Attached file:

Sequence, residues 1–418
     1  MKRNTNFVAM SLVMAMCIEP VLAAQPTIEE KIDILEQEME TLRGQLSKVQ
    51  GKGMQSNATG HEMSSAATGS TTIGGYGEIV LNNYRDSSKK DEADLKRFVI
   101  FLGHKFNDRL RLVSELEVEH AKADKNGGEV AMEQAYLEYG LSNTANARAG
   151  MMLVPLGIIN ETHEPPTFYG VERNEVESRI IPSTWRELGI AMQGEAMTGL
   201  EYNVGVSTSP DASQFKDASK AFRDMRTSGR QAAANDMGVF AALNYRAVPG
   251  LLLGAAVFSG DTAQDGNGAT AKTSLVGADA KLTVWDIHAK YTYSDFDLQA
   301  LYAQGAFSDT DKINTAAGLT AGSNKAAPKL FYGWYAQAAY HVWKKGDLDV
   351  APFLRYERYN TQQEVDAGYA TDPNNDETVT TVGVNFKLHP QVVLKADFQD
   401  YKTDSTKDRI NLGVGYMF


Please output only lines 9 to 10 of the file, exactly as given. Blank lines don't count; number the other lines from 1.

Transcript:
   351  APFLRYERYN TQQEVDAGYA TDPNNDETVT TVGVNFKLHP QVVLKADFQD
   401  YKTDSTKDRI NLGVGYMF